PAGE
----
When the Juniors are driving off, the U23's are at the start line for their call-ups. In the U23 race in Loenhout, Zach McDonald (D1 National Champion, as well as 2nd in the U23 Nationals. Side note...he was leading until he hit a spectator on the course) got a 2nd row call-up, but started somewhat slowly. The first turn off of the pavement, there was a crash that he got caught behind, and he had to put a foot down before he started again. However, by the 3rd lap, he was in the front pack. With the long stretch of pavement, groups started to form and drafting (and tactics) were coming into play. When I saw Zach on his 4th lap, he was sitting in 5th position. That is huge in a big European race. There was a rider off the front, but Zach was in a group looking comfortable. With two laps to go however, the same corner where the opening lap crash happened, another crash went down, and Zach was stuck behind it. He ended up finishing 19th.
That's how fast things can change in these races. Afterward Zach said that he was able to pass and out-maneuver the Euros in the mud (and it was getting muddier for sure), but on the pavement sections they were killing him. That's how he got caught up behind the crash. He was in a small group on the pavement, and another group caught them and shot right by. Even though he lost a number of spots, he was jazzed about his race. He has two more years in the U23 group before moving up, so there's a ton of potential there.
By the time the Elite race started, the mud was now thick. This is what I had been hearing about before I came...the big mud. With all of the snow and cold in Western Europe, the mud had been hidden underneath, but now that it was warming up, it was coming out to play. The U.S. Elite racers don't have quite the call-up positions as the Juniors and the U23's. They are pretty far back. And when the gun went off in Loenhout, a crash happened in the first few meters, causing all of the U.S. racers to get delayed. While they weren't able to get up with the leaders, the race was thrilling. Sven Nys and Neils Albert were one and two for most of the race. It's amazing how fast those two can go, and how technically proficient they are.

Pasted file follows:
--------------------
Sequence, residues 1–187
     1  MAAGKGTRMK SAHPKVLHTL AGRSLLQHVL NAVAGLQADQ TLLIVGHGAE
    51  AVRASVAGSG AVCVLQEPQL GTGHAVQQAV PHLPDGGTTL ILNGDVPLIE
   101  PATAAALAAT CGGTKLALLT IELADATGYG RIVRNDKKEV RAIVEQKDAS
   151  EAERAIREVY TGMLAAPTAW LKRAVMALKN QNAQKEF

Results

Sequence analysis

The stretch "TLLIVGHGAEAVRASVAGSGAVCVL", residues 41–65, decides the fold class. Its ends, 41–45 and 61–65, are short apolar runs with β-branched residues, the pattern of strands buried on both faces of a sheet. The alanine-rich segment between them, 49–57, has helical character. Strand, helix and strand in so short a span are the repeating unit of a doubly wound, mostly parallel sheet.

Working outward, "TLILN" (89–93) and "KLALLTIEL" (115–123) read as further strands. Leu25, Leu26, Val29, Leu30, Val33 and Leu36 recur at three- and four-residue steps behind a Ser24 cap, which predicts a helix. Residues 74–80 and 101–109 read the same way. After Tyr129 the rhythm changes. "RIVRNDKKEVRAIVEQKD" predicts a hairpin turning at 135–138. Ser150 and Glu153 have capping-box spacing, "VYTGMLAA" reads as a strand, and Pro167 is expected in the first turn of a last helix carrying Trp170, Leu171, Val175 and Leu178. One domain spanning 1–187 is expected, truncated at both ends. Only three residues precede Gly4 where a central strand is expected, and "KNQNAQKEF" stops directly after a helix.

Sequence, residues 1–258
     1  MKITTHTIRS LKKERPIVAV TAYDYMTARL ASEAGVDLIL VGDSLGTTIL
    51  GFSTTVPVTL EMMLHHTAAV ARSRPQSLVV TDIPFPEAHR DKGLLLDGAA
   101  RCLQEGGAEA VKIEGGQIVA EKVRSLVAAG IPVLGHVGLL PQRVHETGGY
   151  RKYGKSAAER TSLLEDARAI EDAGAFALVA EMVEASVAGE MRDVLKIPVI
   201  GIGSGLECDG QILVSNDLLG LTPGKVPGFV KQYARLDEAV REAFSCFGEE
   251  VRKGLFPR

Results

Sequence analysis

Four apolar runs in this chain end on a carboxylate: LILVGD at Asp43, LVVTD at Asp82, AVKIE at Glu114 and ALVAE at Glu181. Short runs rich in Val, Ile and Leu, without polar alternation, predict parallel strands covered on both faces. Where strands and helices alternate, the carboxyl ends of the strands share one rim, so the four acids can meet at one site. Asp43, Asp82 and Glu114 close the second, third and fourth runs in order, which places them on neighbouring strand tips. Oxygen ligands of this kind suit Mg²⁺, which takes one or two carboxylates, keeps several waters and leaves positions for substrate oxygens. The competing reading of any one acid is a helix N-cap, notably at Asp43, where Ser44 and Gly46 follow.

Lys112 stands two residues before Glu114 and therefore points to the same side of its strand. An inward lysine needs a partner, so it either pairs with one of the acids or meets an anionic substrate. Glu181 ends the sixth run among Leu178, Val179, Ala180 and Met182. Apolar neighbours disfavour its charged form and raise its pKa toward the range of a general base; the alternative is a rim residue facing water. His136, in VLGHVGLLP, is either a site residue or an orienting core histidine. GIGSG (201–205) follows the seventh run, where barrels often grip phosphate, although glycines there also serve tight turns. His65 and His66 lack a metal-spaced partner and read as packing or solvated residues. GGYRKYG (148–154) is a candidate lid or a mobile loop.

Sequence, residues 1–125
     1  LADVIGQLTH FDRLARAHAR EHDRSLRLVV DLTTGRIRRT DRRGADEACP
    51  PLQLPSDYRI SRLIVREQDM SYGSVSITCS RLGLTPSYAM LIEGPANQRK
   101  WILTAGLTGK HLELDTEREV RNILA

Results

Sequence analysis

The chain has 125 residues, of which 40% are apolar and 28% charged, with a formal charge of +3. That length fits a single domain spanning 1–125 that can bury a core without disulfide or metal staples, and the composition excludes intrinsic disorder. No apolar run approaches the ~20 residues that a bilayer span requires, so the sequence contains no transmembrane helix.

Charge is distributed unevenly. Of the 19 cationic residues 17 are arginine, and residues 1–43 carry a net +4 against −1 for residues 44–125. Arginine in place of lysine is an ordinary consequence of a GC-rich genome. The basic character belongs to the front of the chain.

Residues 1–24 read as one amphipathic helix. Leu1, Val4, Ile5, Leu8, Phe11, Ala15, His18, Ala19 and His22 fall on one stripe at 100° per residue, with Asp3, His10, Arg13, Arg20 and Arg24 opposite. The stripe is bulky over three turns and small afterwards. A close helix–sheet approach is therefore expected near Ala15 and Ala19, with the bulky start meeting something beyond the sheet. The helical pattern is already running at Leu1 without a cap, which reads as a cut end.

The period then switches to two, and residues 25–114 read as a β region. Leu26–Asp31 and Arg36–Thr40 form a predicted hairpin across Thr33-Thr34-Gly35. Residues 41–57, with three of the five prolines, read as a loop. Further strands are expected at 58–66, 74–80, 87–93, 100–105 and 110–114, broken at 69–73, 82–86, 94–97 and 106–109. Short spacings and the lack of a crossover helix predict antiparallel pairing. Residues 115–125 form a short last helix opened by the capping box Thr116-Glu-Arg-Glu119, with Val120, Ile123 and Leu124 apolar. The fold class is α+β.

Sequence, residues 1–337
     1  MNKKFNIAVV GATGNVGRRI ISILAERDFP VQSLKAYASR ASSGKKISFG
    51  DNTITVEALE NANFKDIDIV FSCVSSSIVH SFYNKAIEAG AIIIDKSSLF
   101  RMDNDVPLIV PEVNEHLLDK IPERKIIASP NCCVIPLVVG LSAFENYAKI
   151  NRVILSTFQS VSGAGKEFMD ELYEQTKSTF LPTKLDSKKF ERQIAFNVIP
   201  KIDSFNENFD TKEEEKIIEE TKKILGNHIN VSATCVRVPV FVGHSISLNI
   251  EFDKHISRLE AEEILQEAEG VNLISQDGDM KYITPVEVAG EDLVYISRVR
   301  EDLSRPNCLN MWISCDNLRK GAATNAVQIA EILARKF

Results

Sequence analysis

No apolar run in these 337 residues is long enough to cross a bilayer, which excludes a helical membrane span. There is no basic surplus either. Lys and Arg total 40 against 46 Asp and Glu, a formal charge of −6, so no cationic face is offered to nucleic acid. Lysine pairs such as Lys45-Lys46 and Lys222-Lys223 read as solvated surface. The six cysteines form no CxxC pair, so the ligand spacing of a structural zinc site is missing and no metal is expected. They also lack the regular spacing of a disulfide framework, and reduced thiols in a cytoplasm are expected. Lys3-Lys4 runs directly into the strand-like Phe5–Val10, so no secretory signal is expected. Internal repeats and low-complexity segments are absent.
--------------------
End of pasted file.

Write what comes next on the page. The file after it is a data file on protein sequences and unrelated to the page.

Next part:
On the final lap, in the final pit, Nys had a mishap. He was changing bikes to get another with higher air pressure and a smoother tread. The sprint was going to be on pavement, and he was looking for an advantage. However, as he was dismounting, and before he was out of his pedal, his mechanic grabbed the bars of the bike too soon and Nys went down. He was quickly back up, but Albert was able to easily win. The mishap was played over and over on tv and in the media.
At the end of the Elite race, the riders went back to change, and get ready for the ride home. I rode back in one of the cars with the riders and staff. The organization of cars, vans, mechanics of the camp in intricate to say the least. All of the racers are at the race only as long as they need to be. This allows for the most rest and recovery for racing.
The crowd in Loenhout was indeed big. Guesses were in the 25,000 range. This makes the drive out after the last race somewhat slow. But it's a nice time to relive the race, and gather thoughts, and start thinking about the next race. And during this time of year, Christmas week in Belgium, that usually means the next day.
For more photos you can go to trp.
And for a write up on the race, go to cxmagazine.
The Exploits of a Gentleman at Large | Exploring within and without through adventure, food and wit.
The Gods Must Be Angry – Part 2 of 3
6 hours ago